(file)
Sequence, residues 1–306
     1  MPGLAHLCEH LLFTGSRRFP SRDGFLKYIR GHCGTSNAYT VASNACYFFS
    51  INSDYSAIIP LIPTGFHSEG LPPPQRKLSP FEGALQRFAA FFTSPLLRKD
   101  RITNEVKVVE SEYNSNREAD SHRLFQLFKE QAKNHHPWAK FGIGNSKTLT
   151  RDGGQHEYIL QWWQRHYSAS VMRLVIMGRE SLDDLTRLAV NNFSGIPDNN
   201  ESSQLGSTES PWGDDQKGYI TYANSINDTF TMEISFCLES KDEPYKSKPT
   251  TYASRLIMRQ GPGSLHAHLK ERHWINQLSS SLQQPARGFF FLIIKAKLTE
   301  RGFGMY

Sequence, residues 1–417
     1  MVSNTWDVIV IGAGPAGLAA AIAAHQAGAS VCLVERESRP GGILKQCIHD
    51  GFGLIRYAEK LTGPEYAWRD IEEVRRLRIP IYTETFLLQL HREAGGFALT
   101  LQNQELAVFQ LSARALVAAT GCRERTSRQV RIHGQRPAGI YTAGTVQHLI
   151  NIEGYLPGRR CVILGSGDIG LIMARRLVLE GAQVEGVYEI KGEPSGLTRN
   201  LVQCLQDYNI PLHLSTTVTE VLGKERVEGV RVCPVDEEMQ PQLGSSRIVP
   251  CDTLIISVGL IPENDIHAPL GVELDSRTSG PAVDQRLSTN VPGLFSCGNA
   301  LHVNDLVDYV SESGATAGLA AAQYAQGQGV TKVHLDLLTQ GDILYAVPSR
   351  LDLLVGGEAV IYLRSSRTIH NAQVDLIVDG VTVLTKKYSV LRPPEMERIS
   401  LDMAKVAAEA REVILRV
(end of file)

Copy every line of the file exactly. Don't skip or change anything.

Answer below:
Sequence, residues 1–306
     1  MPGLAHLCEH LLFTGSRRFP SRDGFLKYIR GHCGTSNAYT VASNACYFFS
    51  INSDYSAIIP LIPTGFHSEG LPPPQRKLSP FEGALQRFAA FFTSPLLRKD
   101  RITNEVKVVE SEYNSNREAD SHRLFQLFKE QAKNHHPWAK FGIGNSKTLT
   151  RDGGQHEYIL QWWQRHYSAS VMRLVIMGRE SLDDLTRLAV NNFSGIPDNN
   201  ESSQLGSTES PWGDDQKGYI TYANSINDTF TMEISFCLES KDEPYKSKPT
   251  TYASRLIMRQ GPGSLHAHLK ERHWINQLSS SLQQPARGFF FLIIKAKLTE
   301  RGFGMY

Sequence, residues 1–417
     1  MVSNTWDVIV IGAGPAGLAA AIAAHQAGAS VCLVERESRP GGILKQCIHD
    51  GFGLIRYAEK LTGPEYAWRD IEEVRRLRIP IYTETFLLQL HREAGGFALT
   101  LQNQELAVFQ LSARALVAAT GCRERTSRQV RIHGQRPAGI YTAGTVQHLI
   151  NIEGYLPGRR CVILGSGDIG LIMARRLVLE GAQVEGVYEI KGEPSGLTRN
   201  LVQCLQDYNI PLHLSTTVTE VLGKERVEGV RVCPVDEEMQ PQLGSSRIVP
   251  CDTLIISVGL IPENDIHAPL GVELDSRTSG PAVDQRLSTN VPGLFSCGNA
   301  LHVNDLVDYV SESGATAGLA AAQYAQGQGV TKVHLDLLTQ GDILYAVPSR
   351  LDLLVGGEAV IYLRSSRTIH NAQVDLIVDG VTVLTKKYSV LRPPEMERIS
   401  LDMAKVAAEA REVILRV